Let’s Talk About It: “Privilege and Prejudice in 2012″
The other day I attended a diversity workshop that focused on the racial attitudes of children. Part of the workshop included a clip of Anderson Cooper’s piece, “Kids On Race” and if you have seen this you know it’s telling to say the least. I think what was most interesting was that racial attitudes of parents and children were neutral until puberty. During the adoloscent and dating years, you see a shift in the perception of the opposite race; though white children exhibited racial biases earlier than their black peers. The reality is children develop the racial perception and attitudes of the adults in their lives as well as from their own personal experiences. And it was amazing, yet saddening to see children’s friendships diminshed or unnurtured because of the prejudices imposed by the adults in their life. The Trayvon Martin case has sparked a lot of discussion around race in America, especially with children.
It’s no secret that we all get a “race talk” from a beloved adult at some point and while their intentions may be good, the results can be damaging to the image of a group of people. Recently, I received a link that was titled “The Talk: Non Black Version” and as I rolled my eyes as I clicked on it, my mal feelings were affirmed. Author John Derbyshire lists a number of pointers for his 16 and 19 year old sons aka future Zimmermans to follow. Read at your own will, but one piece of advice that was interesting was point #13, lol: “In that pool of forty million, there are nonetheless many intelligent and well-socialized blacks. (I’ll use IWSB as an ad hoc abbreviation.) You should consciously seek opportunities to make friends with IWSBs. In addition to the ordinary pleasures of friendship, you will gain an amulet against potentially career-destroying accusations of prejudice.” And the problem with the ”non-black” talk, as also exhibited by the earlier negative racial attitudes of white children is the privilege it embodies. Really though Johnny, good luck to your sons seeking friends in black people to prove their NOT racist. I mean would you also advise your kids to seek friendships with idiots so they don’t seem elitist or is that only when it comes to people of other races?!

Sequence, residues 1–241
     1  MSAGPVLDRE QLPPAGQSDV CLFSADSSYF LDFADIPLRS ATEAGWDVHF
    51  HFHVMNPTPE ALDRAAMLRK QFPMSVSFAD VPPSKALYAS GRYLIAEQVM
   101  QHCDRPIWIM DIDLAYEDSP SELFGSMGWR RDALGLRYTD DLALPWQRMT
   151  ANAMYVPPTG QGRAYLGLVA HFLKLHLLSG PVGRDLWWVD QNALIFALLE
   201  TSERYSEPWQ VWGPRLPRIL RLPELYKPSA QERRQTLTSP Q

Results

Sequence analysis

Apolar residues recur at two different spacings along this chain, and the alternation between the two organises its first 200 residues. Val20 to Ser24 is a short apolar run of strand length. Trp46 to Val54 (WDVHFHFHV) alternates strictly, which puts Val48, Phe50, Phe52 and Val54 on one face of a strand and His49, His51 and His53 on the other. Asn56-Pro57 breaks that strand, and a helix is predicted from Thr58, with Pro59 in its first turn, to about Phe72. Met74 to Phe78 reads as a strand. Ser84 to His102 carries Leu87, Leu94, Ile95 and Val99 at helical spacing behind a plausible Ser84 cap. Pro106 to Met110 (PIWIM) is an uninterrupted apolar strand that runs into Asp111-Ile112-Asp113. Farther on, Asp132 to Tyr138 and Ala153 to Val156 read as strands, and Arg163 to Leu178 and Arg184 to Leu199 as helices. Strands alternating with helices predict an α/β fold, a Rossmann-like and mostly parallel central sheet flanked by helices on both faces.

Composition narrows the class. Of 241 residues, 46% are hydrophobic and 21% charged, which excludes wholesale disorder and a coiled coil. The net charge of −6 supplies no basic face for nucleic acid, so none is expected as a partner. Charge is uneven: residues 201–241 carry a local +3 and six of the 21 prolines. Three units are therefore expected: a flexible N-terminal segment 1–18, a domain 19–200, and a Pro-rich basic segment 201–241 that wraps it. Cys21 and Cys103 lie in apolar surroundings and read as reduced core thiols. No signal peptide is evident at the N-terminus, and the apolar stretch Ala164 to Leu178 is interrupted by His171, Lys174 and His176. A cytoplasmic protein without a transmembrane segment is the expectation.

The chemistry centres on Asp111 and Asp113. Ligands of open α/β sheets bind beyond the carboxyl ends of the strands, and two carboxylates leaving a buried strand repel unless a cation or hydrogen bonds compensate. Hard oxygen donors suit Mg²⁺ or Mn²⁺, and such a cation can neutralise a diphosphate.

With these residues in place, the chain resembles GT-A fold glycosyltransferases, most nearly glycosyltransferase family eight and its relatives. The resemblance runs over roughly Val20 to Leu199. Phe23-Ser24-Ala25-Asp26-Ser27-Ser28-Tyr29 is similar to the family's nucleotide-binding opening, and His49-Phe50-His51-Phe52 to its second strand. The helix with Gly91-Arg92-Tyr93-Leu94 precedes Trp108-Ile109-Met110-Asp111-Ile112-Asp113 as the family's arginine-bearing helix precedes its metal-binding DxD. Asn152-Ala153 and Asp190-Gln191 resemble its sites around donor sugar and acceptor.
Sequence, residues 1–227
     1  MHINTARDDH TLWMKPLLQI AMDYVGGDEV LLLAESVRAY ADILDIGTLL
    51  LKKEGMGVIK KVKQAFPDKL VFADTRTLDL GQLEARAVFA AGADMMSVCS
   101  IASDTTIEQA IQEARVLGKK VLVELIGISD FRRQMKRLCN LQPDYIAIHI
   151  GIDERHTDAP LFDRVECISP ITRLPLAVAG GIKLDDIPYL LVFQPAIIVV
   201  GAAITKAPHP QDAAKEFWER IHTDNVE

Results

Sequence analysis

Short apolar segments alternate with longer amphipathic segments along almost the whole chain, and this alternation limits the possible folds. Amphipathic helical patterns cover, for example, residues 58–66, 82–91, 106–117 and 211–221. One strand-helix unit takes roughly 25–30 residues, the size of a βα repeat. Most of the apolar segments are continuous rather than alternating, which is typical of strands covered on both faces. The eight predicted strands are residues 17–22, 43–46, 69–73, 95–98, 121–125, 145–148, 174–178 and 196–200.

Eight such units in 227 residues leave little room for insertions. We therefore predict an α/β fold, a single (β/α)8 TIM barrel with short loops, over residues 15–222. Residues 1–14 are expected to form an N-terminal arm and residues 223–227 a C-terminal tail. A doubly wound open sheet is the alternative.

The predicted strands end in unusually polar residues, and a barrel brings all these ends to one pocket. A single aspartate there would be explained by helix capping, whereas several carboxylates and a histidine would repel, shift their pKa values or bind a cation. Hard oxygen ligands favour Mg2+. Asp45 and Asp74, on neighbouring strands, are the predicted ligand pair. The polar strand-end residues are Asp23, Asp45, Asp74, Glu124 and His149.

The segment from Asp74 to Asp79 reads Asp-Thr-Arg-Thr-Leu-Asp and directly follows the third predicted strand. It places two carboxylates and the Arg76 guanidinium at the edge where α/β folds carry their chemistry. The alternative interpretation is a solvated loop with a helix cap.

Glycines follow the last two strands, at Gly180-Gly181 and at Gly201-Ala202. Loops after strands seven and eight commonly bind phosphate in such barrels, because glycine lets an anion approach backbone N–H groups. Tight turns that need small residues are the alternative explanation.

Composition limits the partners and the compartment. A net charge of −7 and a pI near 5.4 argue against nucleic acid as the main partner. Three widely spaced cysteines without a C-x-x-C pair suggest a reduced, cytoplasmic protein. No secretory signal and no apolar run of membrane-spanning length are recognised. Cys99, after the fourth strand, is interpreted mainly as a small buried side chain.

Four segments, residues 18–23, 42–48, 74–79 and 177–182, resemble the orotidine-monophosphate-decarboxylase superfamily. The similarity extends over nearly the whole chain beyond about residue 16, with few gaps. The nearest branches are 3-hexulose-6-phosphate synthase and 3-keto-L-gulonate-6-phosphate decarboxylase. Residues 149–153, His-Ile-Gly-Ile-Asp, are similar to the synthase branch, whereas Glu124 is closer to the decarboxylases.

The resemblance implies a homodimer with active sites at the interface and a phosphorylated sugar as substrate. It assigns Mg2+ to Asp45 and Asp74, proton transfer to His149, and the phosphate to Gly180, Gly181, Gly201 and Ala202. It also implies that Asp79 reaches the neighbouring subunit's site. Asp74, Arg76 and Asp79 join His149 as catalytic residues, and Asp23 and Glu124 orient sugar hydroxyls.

Moral of the Story: Everybody is a little bit racist, as they say in the play Avenue Q, lol (inside joke) or has some prejudice based on stereotypes to be PC. And like an attendee mentioned at the workshop, “we can’t eradicate history”. So is there any hope for our children?! I think the hope lies in the acknowledgement of history and honest conversations about the negative feelings that stem from the past. I mean no where in his convo to his kids did Derbyshire mention the enslavement of ALL blacks, the only generalization he could make about black people in the US, lol. Like I said before, America was shitty and will only get better for our kids when we as members of the human race do (that includes white people, lol!) xx
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